Tuesday, April 7th, 2015

Skrillex & Diplo ft. Justin Bieber – Where Are Ü Now

It’s Bieber and the people he hangs around with to keep his douche levels in proportion… or something.


Josh Winters: *deep sigh* Goddammit.

Maxwell Cavaseno: That chorus section beat deserves so much better than this lazy performance from Bugatti Bieb and the generic ballad structure of the verses.

Alfred Soto: Did he need the umlaut? Of course not. He did need the percussive loops and sexy-obnoxious whine as hooks. He doesn’t need Bieber affecting Christian humility.

Crystal Leww: Justin Bieber’s team has him on some sort of redemption tour, and I think “Where Are U  Now” is supposed to make him seem likeable or romantic, but it fails  spectacularly. Desperate, pathetic, childish, misguided, and manipulative, “Where Are U Now” has Justin Bieber throwing it back in her face that he once rode for her, once stood by her, once loved her when no one else would. It is also heartbreaking, quiet, and subdued. It is not romantic, but it is embarrassingly relatable, the sound of a not-so-innocent text fired off at your ex on Valentine’s Day, a late night, ill-advised phone call with the phrase “Are you drunk right now?” uttered immediately, cruising by your ex’s house waaaaay too late and wondering who the new car the driveway belongs to. And while it fails at making Justin seem likeable, it does make him sound like the worst part of ourselves, petty and angry, sad and hurt, like an actual human being.

Scott Mildenhall: Immediate points for the use of the word “moping.” There’s untapped poetry in that word, because it doesn’t express a crushing weight of emotion, and usually isn’t first-person — it’s generally a soft pejorative. No-one who is moping ever described themselves as such unless they wanted to assert the maintenance of their self-awareness, denying any potential support and perhaps the extent of their gloom in a way that could if anything be more destructive. That probably wasn’t anyone’s intention here, but the lugubrious trudge fits.

Patrick St. Michel: I don’t particularly care about what Justin Bieber is singing about, but he sounds really good doing it here, while Skrillex and Diplo strike just the right balance between busy button pushing and minimalism. What constitutes the drop here vaguely sounds like a crying dinosaur, and somehow it works within this song. 

Iain Mew: This is compellingly alien enough that as it drips treacle I can picture them all thinking of “U Smile (800% slower)” and coming up with the best way to improve on it at standard song speed.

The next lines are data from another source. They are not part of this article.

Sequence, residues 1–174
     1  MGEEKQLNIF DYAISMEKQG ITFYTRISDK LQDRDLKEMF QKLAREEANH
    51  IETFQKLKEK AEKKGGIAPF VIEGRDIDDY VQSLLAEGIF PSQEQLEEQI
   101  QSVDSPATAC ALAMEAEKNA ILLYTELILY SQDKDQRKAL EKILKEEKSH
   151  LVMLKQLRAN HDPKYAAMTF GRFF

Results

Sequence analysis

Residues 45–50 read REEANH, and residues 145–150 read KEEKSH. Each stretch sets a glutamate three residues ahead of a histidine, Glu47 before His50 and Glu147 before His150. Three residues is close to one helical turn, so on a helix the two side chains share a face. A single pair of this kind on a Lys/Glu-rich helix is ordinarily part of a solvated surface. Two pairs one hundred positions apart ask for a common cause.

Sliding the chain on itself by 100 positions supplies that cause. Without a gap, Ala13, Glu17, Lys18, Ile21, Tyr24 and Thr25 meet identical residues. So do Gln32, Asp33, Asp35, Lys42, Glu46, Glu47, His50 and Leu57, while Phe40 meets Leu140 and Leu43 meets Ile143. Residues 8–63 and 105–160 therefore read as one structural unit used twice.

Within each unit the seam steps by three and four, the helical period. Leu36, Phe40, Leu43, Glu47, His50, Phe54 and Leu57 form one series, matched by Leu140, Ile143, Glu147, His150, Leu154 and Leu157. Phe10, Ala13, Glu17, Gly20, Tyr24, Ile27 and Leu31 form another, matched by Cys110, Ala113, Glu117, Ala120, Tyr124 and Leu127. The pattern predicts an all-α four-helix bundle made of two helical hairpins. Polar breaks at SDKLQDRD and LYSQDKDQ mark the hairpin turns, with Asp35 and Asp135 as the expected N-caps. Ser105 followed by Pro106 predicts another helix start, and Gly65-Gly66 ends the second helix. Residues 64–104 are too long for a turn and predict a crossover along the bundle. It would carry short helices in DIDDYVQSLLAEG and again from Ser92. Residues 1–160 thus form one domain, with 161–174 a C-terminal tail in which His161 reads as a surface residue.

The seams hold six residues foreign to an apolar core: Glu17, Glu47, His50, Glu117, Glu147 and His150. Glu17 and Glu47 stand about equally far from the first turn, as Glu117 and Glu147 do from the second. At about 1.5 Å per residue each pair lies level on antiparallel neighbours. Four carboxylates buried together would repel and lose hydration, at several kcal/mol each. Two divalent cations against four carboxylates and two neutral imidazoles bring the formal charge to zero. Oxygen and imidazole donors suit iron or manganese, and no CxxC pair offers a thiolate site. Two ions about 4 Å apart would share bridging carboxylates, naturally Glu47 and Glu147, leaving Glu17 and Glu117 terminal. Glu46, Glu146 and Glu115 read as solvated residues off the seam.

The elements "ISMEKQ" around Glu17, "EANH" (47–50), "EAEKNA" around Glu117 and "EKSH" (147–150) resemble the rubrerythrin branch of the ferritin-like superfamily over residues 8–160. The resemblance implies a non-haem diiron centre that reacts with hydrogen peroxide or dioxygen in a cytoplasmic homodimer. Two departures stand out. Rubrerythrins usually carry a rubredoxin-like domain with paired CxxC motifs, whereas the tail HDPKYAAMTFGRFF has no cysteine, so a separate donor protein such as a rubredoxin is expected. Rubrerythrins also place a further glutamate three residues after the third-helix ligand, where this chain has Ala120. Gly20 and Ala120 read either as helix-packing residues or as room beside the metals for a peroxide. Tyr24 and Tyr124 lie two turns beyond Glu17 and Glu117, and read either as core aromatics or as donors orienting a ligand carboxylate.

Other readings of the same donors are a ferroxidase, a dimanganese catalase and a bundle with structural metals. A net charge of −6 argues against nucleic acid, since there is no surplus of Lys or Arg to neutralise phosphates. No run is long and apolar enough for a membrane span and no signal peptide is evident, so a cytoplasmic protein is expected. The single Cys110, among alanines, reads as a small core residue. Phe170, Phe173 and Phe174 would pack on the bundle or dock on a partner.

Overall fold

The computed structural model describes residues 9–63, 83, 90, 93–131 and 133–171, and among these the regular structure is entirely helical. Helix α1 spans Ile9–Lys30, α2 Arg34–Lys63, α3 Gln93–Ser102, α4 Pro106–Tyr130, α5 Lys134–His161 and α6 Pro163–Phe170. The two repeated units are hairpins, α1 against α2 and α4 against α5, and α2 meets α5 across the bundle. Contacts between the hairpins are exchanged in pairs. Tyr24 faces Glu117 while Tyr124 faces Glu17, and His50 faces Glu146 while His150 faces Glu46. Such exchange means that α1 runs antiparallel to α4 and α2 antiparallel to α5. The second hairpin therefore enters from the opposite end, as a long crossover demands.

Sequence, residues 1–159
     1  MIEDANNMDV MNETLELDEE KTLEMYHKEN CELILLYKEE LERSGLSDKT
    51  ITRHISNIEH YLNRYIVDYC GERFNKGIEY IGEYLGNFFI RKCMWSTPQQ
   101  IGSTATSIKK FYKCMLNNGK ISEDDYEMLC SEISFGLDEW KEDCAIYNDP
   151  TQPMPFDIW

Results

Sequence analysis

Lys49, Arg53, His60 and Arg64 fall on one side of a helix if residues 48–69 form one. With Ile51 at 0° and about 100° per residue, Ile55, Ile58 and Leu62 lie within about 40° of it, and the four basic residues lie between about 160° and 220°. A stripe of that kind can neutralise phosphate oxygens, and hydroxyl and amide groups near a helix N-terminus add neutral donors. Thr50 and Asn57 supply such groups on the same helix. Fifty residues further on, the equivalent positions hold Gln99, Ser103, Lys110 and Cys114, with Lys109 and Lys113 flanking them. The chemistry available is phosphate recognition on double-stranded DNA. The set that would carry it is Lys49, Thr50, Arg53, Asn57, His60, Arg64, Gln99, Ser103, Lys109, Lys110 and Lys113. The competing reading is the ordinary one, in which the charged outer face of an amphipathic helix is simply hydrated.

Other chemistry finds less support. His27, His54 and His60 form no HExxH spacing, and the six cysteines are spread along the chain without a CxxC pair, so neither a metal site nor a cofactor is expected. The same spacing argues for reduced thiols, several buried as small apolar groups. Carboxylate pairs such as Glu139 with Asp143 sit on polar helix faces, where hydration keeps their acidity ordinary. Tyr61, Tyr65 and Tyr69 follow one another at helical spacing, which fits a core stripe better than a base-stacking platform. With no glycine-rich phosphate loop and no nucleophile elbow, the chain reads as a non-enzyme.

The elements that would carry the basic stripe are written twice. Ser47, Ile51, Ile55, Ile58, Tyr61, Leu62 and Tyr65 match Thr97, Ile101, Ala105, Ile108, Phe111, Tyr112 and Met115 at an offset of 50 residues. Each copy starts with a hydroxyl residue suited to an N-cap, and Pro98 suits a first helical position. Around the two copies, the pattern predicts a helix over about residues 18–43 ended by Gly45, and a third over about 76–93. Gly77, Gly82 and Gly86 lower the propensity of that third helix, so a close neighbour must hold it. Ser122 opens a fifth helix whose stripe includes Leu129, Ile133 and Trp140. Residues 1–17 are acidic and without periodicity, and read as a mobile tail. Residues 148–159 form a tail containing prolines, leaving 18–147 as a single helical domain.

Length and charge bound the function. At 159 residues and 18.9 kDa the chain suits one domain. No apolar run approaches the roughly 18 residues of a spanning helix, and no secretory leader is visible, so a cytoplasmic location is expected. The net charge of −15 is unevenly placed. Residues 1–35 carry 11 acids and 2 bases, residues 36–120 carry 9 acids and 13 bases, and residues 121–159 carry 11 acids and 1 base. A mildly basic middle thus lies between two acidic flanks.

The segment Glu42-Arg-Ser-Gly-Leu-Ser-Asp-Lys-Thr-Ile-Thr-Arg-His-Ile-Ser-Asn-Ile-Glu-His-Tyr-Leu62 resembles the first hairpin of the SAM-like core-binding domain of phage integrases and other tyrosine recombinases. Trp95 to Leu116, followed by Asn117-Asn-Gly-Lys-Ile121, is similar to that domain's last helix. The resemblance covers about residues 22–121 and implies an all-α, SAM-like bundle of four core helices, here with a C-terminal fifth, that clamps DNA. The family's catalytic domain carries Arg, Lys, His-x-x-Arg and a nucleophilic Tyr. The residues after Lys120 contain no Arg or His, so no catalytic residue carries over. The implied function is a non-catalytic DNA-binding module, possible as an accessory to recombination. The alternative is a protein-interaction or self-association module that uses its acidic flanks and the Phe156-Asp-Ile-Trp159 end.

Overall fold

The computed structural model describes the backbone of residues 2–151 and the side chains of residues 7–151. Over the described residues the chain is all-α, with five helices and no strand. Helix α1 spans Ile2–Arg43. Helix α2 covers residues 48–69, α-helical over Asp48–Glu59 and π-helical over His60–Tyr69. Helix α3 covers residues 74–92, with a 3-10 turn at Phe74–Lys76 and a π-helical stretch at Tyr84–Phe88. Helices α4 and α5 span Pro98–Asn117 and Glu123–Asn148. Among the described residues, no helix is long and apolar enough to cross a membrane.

Katherine St Asaph: Um, louts? Where is ür loutishness now? Bieber is a sliver, plaintive and innocuous; that hook, like drunk-driving a car across violin strings, is more obnoxious than he is, and even then not much. Skrillex, the memetic worst brostepper, and Diplo, the actual worst, are so restrained that without credits you’d never guess either was involved.

Brad Shoup: For someone who once said “swag” a lot, he’s demonstrated very little of it as he’s rocketed out of abrolescence. This is a canny pairing; fans of Justin or Jack Ü can imagine the other as the main credit without much trouble. They’ve each arrived to try on some Electronic Dance Modesty: delicate and repetitive, like an Ellie Goulding single. Justin coos like a veteran UK chart feature: patient, collaborative. Skriplo focus more on the rise than any dancehall touches (though they are there, because they can’t leave the fuck alone). But my goodness, you’d think these three would have something to prove. Give them some credit for zagging.

Thomas Inskeep: Skrillex and Diplo’s production on this cut is interesting, not their usual bash-bash brostep (which can tend towards clunky); they show a light touch, perhaps due to Bieber’s lighter-than-air vocals. It’s kind of, genuinely, pretty. And commercially speaking, it’s smart for Bieber to come back to radio via a guest spot on someone else’s record. 

Luisa Lopez: I think a lot about the many different ways to write a love song: what it means to fill it with joy, or hope, or fear; to keep it soft, to let it grow loud, to leave its corners empty or dust them with the fever of wanting; to let another voice touch it, or sing it alone. Sometimes it feels like there are as many ways to write a song as there are to love. To recognize another body whose presence is as sudden and shocking as your own makes a sound as stupid as those whistles, turns Bieber’s voice into a noise I’ve been using to mark the pages of the impossible sleep that comes every night for my beating heart, becomes a love song so conscious of its failure that it’s half-whine, half-lullaby. Wanting takes so much out of us, replaces it with useless noise. Loving takes things too, but I need it the most. 

Reader average: [7.88] (18 votes)

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4 Responses to “Skrillex & Diplo ft. Justin Bieber – Where Are Ü Now”

  1. “Skriplo” forever

  2. Loving how much it pains some of you to give this song a high score

  3. hey this jam is critic-shockingly excellent

  4. Mmmhmm bleargh I heard this song for the first time this weekend and I’m very ashamed to say I loved it despite featuring 3 of the most indefensible artists of the past decade.

    The summer song we hate to love.